That said, I found it a nice palette cleanser between longer and more involved games given its approachable design and simple puzzles, so if that's what your in the mood for, Kraken Academy might be worth a campus visit. A free demo on the eShop is also available for anyone on the fence. Ultimately, it's nowhere near a failing grade, but the only A I'd give is for effort.
These foul-mouthed twins had me cracking up on multiple occasions, but the software closing unexpectedly had me cursing just as often. There's definitely potential with this one, but it's probably worth exploring other platform options if you have them. Even though you can see the heart and charm that goes along with these two souls, a bit more polish would have gone a long way.
However you choose to play it, the ability to alter the challenge at will makes Will You Snail eminently approachable. You'll probably grow to hate Squid pretty early on, but that just makes it all the more satisfying to shut it down. I've Snailed and lived to tell the tale, and it's absolutely worth playing through, just not at a snail's pace.
The grid-style, turn-based combat lives up to the best of its predecessors, and while it may lack the customizability of a job system, the cavalcade of recruitable party members is a worthy replacement. Whether you're in it for the story, the gameplay, or the aesthetics, the total package is one for the ages, and from any angle the strategy is clear: add Triangle Strategy to your Switch library. Maybe tell friends and family to end their turn; you're going to be busy for a while.
Dividing the focus into multiple smaller stories may have hurt the overarching narrative, but this is still an RPG worth playing, with secrets and replay value for intrepid card sharks. I'll be interested to see how, and how quickly, Square Enix follows up with another Voice of Cards title. It seems like this series won't soon be silenced, and that's a good thing.
undefined.SOL CRESTA is an intense and deep vertical shooter entry on Switch, and genre enthusiasts would be doing themselves a favor by adding it to their libraries. In-game achievements unlock new content, such as Caravan Mode, online leaderboards, and the aforementioned Sound Test. Even finishing the final stage on normal difficulty is a steep challenge that requires a fair measure of skill, particularly with swapping formations and the slowing of time that this ability grants. If this is the level of quality we can expect from future arcade-style shooters courtesy of PlatinumGames, I'll be demanding as many as we can get, until Kamiya-san blocks me on Twitter.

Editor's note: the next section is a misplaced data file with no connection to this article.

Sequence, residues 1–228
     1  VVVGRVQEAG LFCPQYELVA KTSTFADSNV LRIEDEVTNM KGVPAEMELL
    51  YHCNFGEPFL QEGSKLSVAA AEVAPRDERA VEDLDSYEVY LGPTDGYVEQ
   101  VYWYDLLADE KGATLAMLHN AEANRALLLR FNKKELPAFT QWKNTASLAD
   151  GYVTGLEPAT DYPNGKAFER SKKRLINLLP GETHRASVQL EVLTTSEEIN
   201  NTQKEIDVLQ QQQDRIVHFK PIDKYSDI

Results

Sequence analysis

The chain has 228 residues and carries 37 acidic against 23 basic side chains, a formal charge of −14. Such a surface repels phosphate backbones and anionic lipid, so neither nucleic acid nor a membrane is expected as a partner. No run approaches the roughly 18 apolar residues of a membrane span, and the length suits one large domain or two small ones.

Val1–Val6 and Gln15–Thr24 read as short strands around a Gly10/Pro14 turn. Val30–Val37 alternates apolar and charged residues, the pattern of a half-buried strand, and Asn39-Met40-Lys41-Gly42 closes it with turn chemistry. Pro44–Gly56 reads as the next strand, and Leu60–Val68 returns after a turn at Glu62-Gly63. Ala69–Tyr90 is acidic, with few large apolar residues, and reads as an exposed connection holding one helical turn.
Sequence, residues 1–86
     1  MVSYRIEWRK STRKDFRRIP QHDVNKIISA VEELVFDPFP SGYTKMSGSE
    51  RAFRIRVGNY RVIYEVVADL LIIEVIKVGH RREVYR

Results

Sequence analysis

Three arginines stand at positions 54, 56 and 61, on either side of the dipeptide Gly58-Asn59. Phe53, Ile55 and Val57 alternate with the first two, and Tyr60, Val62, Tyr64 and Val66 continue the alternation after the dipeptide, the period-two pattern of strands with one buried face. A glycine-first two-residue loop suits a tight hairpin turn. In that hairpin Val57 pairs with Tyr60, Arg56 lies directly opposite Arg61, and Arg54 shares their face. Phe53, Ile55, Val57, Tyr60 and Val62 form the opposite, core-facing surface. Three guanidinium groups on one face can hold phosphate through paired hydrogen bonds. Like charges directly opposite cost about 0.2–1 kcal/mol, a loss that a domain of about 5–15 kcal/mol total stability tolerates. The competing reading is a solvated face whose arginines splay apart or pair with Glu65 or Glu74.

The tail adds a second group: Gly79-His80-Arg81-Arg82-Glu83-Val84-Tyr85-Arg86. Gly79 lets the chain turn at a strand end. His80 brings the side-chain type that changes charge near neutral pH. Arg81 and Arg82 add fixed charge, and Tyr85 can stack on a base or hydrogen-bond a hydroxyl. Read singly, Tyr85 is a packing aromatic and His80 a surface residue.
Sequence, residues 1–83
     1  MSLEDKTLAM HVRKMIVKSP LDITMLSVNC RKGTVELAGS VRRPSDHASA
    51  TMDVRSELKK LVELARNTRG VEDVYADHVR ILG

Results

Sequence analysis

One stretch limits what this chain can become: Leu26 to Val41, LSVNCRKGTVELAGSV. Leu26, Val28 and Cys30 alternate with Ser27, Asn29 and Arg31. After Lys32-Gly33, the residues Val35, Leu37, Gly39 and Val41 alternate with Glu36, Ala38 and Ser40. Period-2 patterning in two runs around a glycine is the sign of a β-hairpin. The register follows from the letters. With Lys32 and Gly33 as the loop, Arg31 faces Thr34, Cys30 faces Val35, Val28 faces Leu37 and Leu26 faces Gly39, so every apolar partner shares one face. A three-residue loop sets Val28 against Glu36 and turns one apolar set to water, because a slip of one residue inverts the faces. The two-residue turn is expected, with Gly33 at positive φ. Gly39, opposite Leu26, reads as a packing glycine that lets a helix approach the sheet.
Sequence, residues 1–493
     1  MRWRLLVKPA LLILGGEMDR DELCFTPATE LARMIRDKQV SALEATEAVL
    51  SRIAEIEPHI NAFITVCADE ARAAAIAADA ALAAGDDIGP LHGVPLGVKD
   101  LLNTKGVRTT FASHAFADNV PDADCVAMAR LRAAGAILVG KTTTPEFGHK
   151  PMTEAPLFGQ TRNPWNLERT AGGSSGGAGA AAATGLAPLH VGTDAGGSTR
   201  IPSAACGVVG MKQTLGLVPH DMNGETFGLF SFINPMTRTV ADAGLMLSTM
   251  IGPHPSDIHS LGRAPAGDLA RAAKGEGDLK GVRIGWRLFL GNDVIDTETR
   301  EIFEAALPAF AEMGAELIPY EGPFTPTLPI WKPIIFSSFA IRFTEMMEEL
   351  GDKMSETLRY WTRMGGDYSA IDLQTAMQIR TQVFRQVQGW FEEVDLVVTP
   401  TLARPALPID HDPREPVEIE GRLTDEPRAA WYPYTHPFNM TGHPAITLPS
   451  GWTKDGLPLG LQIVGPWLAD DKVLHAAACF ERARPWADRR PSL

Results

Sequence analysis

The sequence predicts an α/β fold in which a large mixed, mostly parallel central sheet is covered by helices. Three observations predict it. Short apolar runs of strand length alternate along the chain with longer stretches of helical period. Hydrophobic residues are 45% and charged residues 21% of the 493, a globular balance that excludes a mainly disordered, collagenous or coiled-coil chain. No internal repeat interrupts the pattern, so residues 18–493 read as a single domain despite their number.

While some of the mid and late-game platforming challenges are pretty demanding, failing and having to make your way through familiar parts of the castles never takes too long. That said, I do wish the bosses put up a bit more of a fight; upgrading my stats and equipment at a regular clip allowed me to make short work of each one. As sure as the sun rises and sets (and wait until you see that in game), the Switch eShop will receive more and more titles hoping to cash in on NES-fueled nostalgia; don't let that stop you from picking up the immensely satisfying throwback that is Infernax. Even though my mace and armor are dripping with demonic ichor, I'm still ready to charge back in.
The combat and overarching story are clear highlights, but there's undeniable bloat that hurts the pacing and the character portraits, for the most part, would be better left on the cutting room floor. While a babystep up from Ara Fell, which I awarded a 7 out of 10 in 2020, Rise of the Third Power doesn't quite do enough to earn a full-throated recommendation. That said, it's still a fairly enjoyable classic RPG experience with interesting characters, a simple but fun battle system, and some humorous dialogue.
Ultimately though, the minute-to-minute gameplay is fun as hell, and I was a bit disappointed to reach the end credits. I'd gladly take another handful of stages right now, but I'll settle for working on 100 percent map completion. If you've been hoping for a little more combat and a little less walking back and forth between points on a map, Wonder Labyrinth would make a wonder-full way to spend five or six hours.
If you've ever played a Gunvolt game of any kind, this is a fairly good one of those, even if you're likely to forget about it after putting it away. Not every game needs to be memorable to be a worthwhile experience, though. If you're looking for an action-heavy palette cleanser with some kicking visuals and solid gameplay, Gunvolt Chronicles: Luminous Avenger iX 2 would make a strong addition to your Switch library.